After 1028, the Greek monk Simeon lived as a hermit in the ruins of the Porta Nigra. After his death (1035) and sanctification, the Simeonstift monastery was built next to the Porta Nigra to honor him. Saving it from further destruction, the Porta Nigra was transformed into a church: The inner court of the gate was roofed and intermediate ceilings were inserted. The two middle storeys of the former gate were converted into church naves: the upper storey being for the monks and the lower storey for the general public. The ground floor with the large gates was sealed, and a large outside staircase was constructed alongside the south side (the town side) of the gate, up to the lower storey of the church. A small staircase led further up to the upper storey. The church rooms were accessible through former windows of the western tower of the Porta Nigra that were enlarged to become entrance doors (still visible today). The top floor of the western tower was used as church tower, the eastern tower was leveled, and an apse added at its east side. An additional gate - the much smaller Simeon Gate - was built adjacent to the East side of the Porta Nigra and served as a city gate in medieval times.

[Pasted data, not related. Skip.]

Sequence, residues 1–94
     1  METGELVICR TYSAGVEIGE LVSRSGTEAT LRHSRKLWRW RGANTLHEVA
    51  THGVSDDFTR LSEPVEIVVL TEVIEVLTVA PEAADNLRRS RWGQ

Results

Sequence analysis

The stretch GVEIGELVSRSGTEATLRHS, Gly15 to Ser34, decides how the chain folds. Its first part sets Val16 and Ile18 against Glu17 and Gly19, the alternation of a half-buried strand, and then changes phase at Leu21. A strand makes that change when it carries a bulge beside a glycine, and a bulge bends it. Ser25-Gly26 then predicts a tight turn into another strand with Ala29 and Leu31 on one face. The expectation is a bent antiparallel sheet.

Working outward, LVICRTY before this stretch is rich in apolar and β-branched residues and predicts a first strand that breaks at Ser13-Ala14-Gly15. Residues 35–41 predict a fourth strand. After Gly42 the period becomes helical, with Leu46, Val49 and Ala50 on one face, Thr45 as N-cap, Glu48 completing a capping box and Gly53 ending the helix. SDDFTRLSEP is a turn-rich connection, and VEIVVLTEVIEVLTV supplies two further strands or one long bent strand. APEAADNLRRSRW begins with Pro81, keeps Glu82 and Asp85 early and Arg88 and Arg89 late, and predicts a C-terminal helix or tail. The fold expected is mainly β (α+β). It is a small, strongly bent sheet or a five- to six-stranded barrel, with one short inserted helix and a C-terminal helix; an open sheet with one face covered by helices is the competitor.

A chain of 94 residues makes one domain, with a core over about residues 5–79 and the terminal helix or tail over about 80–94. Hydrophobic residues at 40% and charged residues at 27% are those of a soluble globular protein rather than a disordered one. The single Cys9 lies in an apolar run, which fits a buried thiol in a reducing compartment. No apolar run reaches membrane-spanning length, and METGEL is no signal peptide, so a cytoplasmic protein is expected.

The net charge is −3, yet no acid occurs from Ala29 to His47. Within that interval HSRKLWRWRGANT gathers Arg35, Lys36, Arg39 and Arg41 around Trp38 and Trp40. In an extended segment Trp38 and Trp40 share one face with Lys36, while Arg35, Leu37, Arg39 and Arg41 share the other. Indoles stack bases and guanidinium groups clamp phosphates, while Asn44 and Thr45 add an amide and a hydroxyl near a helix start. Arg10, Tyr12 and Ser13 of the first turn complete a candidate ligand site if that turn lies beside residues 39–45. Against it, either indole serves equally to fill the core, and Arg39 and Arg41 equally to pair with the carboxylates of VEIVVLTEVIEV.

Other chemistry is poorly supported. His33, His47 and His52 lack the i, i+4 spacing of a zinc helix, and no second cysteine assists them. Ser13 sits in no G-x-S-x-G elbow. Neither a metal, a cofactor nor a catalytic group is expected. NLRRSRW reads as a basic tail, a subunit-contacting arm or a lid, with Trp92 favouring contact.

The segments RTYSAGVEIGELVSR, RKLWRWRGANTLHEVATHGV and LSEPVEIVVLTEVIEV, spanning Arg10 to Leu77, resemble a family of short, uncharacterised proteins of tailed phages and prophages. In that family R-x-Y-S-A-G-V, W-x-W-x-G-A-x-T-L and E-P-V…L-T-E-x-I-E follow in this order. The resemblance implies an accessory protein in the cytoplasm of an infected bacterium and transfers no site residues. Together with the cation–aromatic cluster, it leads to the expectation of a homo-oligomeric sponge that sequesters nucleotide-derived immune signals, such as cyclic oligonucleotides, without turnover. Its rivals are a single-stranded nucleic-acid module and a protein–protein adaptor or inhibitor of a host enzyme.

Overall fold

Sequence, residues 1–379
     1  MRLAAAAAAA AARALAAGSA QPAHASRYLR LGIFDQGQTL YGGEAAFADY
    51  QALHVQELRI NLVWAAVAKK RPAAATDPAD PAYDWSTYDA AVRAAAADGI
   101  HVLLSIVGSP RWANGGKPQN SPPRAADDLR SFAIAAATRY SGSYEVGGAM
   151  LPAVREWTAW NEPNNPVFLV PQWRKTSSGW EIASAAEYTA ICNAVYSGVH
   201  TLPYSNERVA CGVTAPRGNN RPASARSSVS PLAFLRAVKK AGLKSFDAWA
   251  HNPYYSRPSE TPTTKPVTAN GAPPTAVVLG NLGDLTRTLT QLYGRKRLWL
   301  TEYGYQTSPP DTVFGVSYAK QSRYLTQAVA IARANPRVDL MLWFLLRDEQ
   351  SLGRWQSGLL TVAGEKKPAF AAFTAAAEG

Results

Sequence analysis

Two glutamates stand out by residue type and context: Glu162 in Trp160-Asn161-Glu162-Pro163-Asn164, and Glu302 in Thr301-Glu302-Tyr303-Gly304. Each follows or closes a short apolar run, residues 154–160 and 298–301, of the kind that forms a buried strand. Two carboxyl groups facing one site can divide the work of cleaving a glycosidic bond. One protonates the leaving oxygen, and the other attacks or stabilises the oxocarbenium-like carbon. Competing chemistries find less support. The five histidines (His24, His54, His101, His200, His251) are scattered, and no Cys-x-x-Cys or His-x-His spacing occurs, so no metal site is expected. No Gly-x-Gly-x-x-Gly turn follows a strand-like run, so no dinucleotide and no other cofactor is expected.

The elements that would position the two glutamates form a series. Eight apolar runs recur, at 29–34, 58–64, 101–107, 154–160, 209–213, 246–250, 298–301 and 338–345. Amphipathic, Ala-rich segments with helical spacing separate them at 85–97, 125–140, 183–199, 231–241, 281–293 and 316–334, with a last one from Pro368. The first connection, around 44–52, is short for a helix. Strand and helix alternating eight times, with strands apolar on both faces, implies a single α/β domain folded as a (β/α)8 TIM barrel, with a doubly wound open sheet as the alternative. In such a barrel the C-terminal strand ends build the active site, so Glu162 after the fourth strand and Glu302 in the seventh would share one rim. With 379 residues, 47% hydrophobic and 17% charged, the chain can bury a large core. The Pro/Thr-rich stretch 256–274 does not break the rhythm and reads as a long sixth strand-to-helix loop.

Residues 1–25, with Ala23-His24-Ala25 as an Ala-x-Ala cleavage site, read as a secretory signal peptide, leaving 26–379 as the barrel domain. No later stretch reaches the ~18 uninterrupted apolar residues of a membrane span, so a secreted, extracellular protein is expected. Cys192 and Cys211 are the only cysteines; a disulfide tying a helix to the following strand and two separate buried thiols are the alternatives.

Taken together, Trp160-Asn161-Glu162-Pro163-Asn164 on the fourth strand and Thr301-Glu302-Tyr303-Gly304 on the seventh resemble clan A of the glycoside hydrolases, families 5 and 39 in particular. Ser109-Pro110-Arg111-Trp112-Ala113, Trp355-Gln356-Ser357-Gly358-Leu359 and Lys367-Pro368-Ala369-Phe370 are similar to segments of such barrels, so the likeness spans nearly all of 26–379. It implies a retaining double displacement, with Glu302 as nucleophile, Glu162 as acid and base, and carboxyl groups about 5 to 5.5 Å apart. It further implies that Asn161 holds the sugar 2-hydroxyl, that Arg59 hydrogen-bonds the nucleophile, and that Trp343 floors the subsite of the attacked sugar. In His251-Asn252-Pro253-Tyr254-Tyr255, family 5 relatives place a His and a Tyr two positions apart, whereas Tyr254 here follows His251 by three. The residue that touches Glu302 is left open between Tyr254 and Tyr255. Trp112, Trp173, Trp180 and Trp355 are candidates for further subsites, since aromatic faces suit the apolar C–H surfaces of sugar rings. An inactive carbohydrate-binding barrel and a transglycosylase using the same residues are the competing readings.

In 1802 Napoleon Bonaparte dissolved the church in the Porta Nigra and the monastery beside it, along with the vast majority of Trier"s numerous churches and monasteries. On his visit to Trier in 1804, Napoleon ordered that the Porta Nigra be converted back to its Roman form. Only the apse was kept; but the eastern tower was not rebuilt to its original height. Local legend has it that Napoleon originally wanted to completely tear down the church, but locals convinced him that the church had actually been a Gaulish festival hall before being turned into a church. Another version of the story is that they told him about its Roman origins, persuading him to convert the gate back to its original form.

In 1986 the Porta Nigra was designated a World Heritage Site, along with other Roman monuments in Trier and its surroundings. The modern appearance of the Porta Nigra goes back almost unchanged to the reconstruction ordered by Napoleon. At the south side of the Porta Nigra, remains of Roman columns line the last 100 m of the street leading to the gate. Positioned where they had stood in Roman times, they give a slight impression of the aspect of the original Roman street that was lined with colonnades. The Porta Nigra, including the upper floors, is open to visitors.